‘I was never looking to make a pop album,’ claimedRead more...
‘When we finally listened to the tracks we were going to hand in, Thriller sounded so crappy to me that tears came to my eyes,’ confessed Michael Jackson in his 1988 autobiography Moonwalk.
Following the success of his previous solo album Off the Wall, the twenty-three-year-old was under enormous pressure from his management and record company to deliver a record that would have even more of an impact and out-sell all his previous releases.
Having teamed up with acclaimed producer Quincy Jones and featuring an array of guest artists ranging from former Beatles singer Paul McCartney to Van Halen‘s eponymous guitarist, expectations for Thriller had put a tremendous strain on the young star.
‘We took a couple of days off, drew a deep breath and stepped back,’ he continued. Then we came to it fresh, cleaned our ears out and began to mix two songs a week. When it was done – boom – it hit us hard.CBS could hear the differences too. Thriller was a tough project.’
Yet despite its troubled development, the album became a phenomenon, producing the hit singles Billie Jean and Beat It, introducing the world to his legendary ‘moonwalk’ dance routine and revolutionising the promo video with his zombie-themed short film for Thriller. Overnight, Jackson was transformed from a successful artist to a pop sensation.‘On 7 February, Michael was inducted into the Guinness Book of Records during a ceremony at the American Museum of History in New York City, in recognition of Thriller having broken all records for album sales at twenty-five million copies,’ explains author J. Randy Taraborrelli in his book Michael Jackson: The Magic and the Madness. Yet as impressive as these worldwide sales were, it would continue to break records over the following decades.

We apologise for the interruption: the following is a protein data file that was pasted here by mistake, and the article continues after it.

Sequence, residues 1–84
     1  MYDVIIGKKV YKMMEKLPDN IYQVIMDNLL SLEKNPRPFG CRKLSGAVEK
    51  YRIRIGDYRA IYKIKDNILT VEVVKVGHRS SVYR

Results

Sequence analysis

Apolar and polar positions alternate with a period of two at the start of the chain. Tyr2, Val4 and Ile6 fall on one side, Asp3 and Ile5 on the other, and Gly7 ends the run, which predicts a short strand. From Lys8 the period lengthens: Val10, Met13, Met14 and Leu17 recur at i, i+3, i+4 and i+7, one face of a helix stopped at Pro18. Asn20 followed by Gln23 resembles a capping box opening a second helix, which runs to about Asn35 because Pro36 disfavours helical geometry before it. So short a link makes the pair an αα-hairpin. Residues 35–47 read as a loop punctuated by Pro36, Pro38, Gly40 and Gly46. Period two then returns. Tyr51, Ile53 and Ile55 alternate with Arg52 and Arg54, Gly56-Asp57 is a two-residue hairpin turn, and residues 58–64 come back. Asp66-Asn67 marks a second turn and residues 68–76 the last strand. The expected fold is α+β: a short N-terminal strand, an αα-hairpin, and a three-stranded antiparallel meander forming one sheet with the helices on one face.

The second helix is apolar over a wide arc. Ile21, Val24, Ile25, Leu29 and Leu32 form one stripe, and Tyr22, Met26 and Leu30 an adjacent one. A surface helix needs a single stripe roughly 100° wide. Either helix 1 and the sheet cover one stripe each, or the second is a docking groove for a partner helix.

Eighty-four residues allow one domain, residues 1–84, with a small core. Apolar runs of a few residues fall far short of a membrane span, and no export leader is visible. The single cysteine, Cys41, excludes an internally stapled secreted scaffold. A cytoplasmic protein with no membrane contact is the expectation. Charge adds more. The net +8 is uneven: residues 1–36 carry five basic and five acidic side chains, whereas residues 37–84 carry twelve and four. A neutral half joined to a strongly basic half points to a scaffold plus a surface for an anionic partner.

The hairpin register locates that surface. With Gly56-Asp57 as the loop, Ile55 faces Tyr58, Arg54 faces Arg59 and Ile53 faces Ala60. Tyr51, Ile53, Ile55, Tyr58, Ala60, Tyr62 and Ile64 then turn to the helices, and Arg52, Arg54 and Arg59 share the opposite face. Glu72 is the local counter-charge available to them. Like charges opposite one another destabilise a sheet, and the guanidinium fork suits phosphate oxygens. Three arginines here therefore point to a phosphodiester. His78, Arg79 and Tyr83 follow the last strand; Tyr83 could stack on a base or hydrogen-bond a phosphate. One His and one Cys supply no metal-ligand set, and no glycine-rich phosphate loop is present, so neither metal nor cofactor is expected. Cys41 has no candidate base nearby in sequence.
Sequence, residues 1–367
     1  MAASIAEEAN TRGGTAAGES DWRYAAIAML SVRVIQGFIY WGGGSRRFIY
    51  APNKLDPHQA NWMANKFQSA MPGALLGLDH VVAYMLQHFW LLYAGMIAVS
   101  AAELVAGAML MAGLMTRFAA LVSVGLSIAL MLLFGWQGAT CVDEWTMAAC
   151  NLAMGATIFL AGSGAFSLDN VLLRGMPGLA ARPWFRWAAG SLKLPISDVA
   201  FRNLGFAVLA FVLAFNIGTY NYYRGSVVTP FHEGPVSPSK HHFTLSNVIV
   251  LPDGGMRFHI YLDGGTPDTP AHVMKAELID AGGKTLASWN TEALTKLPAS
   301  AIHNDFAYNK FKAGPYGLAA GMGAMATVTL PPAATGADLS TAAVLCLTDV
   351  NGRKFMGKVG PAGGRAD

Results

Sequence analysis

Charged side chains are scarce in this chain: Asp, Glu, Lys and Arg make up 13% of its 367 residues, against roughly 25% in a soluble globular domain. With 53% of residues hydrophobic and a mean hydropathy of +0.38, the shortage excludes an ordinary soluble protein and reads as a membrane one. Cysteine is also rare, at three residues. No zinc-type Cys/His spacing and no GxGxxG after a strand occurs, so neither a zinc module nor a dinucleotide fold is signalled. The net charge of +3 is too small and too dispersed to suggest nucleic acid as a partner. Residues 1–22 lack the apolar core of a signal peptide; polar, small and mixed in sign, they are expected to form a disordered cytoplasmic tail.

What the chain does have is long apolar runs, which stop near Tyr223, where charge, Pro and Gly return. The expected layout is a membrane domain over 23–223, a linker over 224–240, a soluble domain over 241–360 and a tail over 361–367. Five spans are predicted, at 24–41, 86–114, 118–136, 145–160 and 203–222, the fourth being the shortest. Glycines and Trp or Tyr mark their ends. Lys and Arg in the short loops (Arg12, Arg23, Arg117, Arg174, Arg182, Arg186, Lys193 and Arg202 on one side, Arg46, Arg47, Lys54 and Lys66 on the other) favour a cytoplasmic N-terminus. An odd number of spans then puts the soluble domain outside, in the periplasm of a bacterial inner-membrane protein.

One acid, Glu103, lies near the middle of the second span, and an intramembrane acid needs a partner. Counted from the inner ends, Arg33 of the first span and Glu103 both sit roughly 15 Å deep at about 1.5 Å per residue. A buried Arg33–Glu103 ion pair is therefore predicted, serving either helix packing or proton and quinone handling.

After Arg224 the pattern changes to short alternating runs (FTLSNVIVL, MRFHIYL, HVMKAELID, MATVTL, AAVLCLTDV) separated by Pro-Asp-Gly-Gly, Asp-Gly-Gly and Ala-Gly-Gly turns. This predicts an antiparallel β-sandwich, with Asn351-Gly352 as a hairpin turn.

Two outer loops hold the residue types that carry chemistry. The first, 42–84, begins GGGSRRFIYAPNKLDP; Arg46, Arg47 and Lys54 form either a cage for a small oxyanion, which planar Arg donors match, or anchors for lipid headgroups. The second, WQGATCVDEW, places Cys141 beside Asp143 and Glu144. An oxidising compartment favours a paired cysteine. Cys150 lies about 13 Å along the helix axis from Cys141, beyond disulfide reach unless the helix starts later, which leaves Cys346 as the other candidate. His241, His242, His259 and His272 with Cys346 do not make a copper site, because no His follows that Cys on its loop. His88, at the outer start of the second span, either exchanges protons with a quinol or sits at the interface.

Thriller holds the distinction of being the best-selling album of all time, with approximately seventy million copies sold around the world, twenty million more than its closest competitor, AC/DC‘s 1980 classic Back in Black. Jackson’s second best-selling album, Thriller’s follow-up Bad, has achieved an impressive sale of approximately thirty-plus million, with 1991’s Dangerous close behind.
With Thriller having already sold over a hundred million copies worldwide, Jackson’s masterpiece has now broken another record…the first album ever to sell thirty million copies in the United States, as reported by the Recording Industry Association of America.